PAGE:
Kate Sheppard on Regulating Offshore Drilling In the months after the BP oil spill, other "industry giants attested to the public that the accident was an aberrance, the fault of BP's irresponsibility alone," writes Sheppard in The Guardian. But a glimpse at the National Oil Spill Commission's forthcoming report shows that that's not the case. It wasn't just "poor decision-making" but "industry-wide failures" that contributed to the disaster; the commission "makes clear that a level of complacency has developed in the industry that allowed expediency and profit to supersede safety." Although the Obama administration has made a number of moves to regulate the industry (replacing the Minerals Management Service with the Bureau of Ocean Energy Management, Regulation and Enforcement), Congress, she argues, hasn't done enough to enact stricter legislation to set tougher standards for safety. "At this point, then, the administration will need to do as much as it can with the existing regulatory authorities and statutes to ensure that a disaster like this is not repeated," she concludes. "More advice on how to deal with Deepwater drilling is expected in the full report next week, but the extent to which that guidance is followed will show whether the country has truly learned anything from the Deepwater disaster."
Bert Brandenburg on What Constitutes Judicial Impeachment Writing in The Washington Post, Bert Brandenburg, executive director of the nonprofit group Justice at Stake, addresses an important fight going on in Iowa--an attempt by political operatives to impeach four high court justices who were involved in a 2009 decision to allow same-sex marriage in the state. Last fall, the three justices who were up for reelection were voted out. "Impeachments of judges were not designed as a tool for this kind of political disagreement, and the reason is essential to our democracy," argues Brandenburg. "If courts can't make tough calls, they won't be able to uphold the Constitution and protect our rights."
Peggy Noonan on the Raunchy Captain and the King's Speech "Why is it a good thing that the captain of the USS Enterprise was this week relieved of his duties? Second, why is the movie 'The King's Speech' so popular and admired?" The Wall Street Journal columnist attempts to "unite" these seemingly disparate themes--and even toss in a reference to Britain's soon-to-be princess Kate Middleton--in her latest piece. Her conceit is this: Owen Honors, the "raunchy" captain, was attempting to be seen as one of the "regular" guys. He is a product of a culture that prides itself on being anti-establishment, celebrating vulgarity, and raising its children to "question authority." This brings us to Kate Middleton, whom pundits are praising for bringing less "stuffiness" to the royal family. But Noonan would advise her to go the opposite direction and use her middle-class upbringing to "add dignity and distance" to a royalty in need of classing up. Which brings Noonan to the latest Colin Firth movie, The King's Speech. She finds relief in the idea that a hero can be someone "old-school," someone who isn't "cool" but has a sense of decency and morality. "What a relief to see it," she writes. No wonder the audience in her theater "burst into applause, and some, you could tell, wanted to cheer."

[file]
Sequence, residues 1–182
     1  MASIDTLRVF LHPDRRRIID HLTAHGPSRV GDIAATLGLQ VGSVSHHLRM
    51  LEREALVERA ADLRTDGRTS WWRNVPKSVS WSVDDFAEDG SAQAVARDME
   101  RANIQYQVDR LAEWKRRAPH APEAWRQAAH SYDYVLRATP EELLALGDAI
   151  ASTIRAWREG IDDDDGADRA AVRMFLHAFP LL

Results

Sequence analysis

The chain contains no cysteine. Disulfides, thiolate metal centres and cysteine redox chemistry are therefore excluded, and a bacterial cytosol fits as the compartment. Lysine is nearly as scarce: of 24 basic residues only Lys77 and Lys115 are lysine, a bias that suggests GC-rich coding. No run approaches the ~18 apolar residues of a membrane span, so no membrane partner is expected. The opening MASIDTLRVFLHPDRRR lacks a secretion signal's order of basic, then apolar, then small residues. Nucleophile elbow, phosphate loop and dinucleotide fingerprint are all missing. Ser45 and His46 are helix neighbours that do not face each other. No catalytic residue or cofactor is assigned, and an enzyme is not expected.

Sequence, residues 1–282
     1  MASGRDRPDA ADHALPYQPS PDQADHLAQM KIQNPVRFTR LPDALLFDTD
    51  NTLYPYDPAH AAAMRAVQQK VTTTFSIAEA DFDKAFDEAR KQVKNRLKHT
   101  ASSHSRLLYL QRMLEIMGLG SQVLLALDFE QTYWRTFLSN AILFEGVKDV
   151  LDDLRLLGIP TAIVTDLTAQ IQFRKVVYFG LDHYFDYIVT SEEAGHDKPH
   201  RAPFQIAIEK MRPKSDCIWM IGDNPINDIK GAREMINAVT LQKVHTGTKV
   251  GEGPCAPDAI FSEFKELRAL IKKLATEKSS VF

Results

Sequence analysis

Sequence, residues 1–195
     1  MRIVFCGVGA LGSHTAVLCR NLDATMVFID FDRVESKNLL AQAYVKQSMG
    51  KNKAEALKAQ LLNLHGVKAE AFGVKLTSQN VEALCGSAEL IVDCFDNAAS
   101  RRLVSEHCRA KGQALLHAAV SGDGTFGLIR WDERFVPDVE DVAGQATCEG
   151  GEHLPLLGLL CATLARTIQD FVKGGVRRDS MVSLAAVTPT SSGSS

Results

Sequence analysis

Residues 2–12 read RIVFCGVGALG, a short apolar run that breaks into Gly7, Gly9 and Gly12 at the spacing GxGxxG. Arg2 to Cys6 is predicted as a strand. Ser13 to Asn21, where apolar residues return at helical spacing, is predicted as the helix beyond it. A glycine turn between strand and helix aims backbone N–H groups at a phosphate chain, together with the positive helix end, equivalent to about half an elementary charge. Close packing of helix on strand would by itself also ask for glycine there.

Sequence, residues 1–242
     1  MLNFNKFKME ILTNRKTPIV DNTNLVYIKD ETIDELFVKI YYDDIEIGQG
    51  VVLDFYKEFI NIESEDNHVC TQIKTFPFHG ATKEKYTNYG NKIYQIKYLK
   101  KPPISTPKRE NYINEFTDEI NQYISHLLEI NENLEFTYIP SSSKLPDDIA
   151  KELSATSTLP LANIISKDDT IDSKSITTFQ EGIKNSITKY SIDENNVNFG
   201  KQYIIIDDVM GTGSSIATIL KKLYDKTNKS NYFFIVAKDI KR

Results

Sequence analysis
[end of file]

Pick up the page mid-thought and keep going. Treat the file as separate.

Roberto Gonzalez Echevarria on Life as an Exile Spanish and comparative literature professor Roberto Gonzalez Echevarria commemorates the 50th anniversary of President Eisehower's decision to break diplomatic ties with Cuba by reflecting in The New York Times on his own experience as a Cuban exile growing up in America. The author, who rejected American life as a teenager and returned to Cuba as frequently as possible until travel was prohibited, realizes now that he is lucky to live in a democracy which, "for all its faults, is the best form of government to which we can aspire." He adds that "fifty years after the break in relations, while Cuba is still ruled by a male, white, militaristic, totalitarian gerontocracy, Barack Obama is the president of the United States and Hillary Clinton the secretary of state. Which of my two countries is the revolutionary one?"
Michael Moynihan on Free-Speech Equivalence It is the duty of free speech advocates to fight censorship in all forms, writes the Reason editor in a column adapted from remarks delivered at a symposium last month. "Opposition to censorship must be evenly applied, without special consideration to group feelings, without ideological exception," he writes. True believers in free speech must defend, with equal vigor, the right of Danish cartoonists to depict the Prophet Mohammad and the right of New York Islamic leaders to build a Muslim community center in lower Mahattan; "we don't get to choose our allies in the fight for free speech."
This article is from the archive of our partner The Wire.